May 7, 2013 1:00:00 PM
End: May 17, 2013 7:30:00 PM
Location: various venues, UCL Bloomsbury Campus More...
The panel investigates shifts in the role of the Holocaust in European public debates in the recent past. Contrasting developments in Poland, Germany, and Great Britain, we will identify common threads as well as differences in perceiving, presenting, memorizing the mass murder of European Jewries.
The Yiddish Forverts has recently published a report from the Graduate Student Conference on ‘Jewish Spirituality in Eastern Europe – a Textual Perspective,’ held at the Department of Hebrew and Jewish Studies, UCL on 6-7 June, 2012. The article, authored by conference participant Adi Mahalel (Columbia University), is available online on the website of the Forverts: http://yiddish.forward.com/node/4589 More...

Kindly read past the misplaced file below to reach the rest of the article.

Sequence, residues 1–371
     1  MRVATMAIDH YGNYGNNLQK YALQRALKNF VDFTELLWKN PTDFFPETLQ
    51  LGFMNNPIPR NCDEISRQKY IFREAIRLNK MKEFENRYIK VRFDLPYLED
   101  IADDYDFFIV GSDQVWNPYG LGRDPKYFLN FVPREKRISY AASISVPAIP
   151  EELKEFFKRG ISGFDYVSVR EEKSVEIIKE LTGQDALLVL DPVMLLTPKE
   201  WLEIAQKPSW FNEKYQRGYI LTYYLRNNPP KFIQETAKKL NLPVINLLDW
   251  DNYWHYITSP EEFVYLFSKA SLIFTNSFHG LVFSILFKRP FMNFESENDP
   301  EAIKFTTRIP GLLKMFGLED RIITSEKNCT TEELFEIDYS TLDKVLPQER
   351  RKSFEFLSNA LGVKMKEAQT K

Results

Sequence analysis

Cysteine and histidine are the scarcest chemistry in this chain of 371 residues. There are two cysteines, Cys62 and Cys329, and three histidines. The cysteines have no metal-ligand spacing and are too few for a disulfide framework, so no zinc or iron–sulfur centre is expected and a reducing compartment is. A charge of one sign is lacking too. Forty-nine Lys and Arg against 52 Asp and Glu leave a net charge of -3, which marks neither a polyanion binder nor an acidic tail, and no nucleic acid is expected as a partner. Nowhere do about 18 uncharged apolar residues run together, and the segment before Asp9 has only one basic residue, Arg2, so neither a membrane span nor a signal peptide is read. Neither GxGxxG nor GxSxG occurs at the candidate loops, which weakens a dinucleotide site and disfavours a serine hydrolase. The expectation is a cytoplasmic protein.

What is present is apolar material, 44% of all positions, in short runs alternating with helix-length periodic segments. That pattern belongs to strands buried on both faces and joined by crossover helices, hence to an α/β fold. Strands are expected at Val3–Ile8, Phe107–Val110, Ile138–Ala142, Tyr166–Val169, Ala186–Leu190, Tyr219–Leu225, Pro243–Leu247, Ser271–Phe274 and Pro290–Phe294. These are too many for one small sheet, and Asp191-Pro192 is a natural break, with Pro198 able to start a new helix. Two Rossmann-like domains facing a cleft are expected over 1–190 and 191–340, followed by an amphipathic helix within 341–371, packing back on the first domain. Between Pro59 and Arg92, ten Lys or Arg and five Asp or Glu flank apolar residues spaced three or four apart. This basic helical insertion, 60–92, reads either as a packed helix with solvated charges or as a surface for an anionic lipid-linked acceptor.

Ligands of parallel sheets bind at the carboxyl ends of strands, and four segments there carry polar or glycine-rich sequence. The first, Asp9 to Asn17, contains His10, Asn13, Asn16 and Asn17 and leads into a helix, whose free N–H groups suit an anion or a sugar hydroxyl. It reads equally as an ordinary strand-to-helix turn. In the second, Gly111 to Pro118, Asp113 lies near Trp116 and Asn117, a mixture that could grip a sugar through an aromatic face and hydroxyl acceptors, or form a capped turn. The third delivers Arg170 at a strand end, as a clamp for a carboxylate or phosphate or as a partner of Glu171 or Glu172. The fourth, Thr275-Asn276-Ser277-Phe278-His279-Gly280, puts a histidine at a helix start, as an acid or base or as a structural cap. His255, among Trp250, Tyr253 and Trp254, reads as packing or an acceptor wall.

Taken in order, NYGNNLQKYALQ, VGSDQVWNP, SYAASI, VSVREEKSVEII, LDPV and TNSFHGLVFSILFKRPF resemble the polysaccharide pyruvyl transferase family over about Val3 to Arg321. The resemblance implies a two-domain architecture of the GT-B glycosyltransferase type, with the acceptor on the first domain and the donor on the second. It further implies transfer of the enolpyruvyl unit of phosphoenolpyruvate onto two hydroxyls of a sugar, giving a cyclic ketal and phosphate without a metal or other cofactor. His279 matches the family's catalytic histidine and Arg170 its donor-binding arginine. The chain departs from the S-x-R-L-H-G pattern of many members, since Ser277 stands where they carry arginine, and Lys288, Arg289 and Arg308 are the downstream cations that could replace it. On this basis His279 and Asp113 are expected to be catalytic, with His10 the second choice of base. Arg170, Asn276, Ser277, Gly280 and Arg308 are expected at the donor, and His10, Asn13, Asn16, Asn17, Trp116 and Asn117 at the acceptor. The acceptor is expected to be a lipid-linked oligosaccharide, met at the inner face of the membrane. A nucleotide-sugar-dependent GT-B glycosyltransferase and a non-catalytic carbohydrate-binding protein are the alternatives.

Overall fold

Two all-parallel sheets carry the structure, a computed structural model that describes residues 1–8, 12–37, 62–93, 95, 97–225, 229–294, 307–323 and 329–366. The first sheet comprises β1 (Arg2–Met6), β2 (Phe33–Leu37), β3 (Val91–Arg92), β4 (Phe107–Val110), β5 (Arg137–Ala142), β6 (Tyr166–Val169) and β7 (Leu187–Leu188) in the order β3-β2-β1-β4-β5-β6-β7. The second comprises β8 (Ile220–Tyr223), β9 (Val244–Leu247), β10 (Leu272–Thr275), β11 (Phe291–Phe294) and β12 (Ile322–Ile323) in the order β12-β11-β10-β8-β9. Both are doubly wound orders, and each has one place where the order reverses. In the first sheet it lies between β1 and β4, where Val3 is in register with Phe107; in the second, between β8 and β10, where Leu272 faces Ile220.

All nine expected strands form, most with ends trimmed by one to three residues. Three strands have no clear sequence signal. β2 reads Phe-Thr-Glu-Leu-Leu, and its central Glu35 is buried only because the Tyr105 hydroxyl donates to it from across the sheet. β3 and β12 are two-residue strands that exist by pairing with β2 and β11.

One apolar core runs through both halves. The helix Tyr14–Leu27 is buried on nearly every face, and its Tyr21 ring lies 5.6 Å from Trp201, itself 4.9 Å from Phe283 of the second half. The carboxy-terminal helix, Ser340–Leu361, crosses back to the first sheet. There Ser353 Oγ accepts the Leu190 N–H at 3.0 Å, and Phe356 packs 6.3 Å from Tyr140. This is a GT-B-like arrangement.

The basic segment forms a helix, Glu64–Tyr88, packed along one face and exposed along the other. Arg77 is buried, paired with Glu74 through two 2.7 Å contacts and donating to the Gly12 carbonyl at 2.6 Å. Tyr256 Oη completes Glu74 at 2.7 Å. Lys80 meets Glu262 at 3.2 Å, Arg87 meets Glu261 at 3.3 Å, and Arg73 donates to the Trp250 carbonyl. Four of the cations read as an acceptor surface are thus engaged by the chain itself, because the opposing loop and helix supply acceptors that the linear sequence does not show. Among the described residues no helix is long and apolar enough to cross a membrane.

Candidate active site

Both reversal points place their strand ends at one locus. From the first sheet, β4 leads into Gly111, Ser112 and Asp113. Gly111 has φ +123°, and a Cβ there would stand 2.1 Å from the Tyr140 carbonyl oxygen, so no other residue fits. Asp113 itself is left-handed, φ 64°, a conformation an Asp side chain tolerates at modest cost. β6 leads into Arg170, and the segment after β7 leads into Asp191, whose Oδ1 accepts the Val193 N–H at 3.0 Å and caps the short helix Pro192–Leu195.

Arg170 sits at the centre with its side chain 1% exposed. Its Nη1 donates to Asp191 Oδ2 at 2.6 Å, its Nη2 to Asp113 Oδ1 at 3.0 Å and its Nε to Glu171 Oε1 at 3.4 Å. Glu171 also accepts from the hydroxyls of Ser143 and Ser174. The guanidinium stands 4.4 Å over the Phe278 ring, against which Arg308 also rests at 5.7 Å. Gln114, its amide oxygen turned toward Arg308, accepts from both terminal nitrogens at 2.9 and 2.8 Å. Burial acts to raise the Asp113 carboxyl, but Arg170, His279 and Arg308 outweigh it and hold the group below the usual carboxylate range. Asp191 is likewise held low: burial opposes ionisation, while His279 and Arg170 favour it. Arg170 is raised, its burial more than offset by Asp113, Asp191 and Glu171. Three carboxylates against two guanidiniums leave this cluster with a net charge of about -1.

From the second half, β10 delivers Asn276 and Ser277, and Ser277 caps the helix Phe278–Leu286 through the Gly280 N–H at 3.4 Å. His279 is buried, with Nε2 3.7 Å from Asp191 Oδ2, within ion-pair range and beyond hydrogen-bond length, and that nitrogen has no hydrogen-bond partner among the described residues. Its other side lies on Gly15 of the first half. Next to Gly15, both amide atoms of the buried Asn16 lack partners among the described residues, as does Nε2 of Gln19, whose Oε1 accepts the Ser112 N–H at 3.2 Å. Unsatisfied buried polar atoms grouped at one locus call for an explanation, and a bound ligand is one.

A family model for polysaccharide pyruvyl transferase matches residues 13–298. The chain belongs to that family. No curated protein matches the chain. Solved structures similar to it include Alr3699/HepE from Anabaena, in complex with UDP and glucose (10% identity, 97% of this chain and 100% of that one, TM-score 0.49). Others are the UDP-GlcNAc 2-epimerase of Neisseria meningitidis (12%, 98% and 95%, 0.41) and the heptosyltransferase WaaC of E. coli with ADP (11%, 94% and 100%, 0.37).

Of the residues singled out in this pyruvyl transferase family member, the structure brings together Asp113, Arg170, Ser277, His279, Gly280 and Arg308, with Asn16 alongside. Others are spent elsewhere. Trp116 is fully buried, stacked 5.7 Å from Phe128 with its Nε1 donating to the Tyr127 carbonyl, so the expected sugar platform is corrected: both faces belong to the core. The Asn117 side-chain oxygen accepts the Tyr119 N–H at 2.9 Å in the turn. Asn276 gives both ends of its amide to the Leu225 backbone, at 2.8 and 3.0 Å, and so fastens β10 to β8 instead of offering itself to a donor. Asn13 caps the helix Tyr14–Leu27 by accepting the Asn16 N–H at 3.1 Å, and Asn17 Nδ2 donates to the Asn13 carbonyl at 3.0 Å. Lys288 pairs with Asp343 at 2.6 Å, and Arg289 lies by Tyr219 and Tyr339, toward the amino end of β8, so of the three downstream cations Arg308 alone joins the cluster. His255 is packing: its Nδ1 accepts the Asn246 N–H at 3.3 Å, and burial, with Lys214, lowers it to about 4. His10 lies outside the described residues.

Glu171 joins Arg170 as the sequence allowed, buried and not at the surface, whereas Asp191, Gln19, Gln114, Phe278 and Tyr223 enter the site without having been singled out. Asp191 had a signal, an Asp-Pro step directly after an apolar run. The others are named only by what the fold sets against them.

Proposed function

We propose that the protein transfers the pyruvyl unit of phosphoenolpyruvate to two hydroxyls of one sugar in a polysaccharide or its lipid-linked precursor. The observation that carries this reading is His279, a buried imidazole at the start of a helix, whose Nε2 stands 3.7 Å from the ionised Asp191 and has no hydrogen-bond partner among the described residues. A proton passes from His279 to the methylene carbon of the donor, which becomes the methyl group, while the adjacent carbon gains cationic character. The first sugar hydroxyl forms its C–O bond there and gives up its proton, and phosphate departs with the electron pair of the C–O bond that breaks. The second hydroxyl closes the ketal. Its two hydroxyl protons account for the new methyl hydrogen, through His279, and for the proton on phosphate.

Over a period of three years, the Hebrew and Jewish Studies Department at UCL has been cooperating in a research project devoted to 'Cultural Continuitiy in the Diaspora: Paris and Berlin in 1917-1937', based at the Department of European Studies and Modern Languages, University of Bath, and in cooperation with the Centre for European and International Studies at the University of Portsmouth. The project had been funded by the Leverhulme Trust Academic Collaboration-International Network scheme. Among the initiators of the project had been the late John D. Klier. More...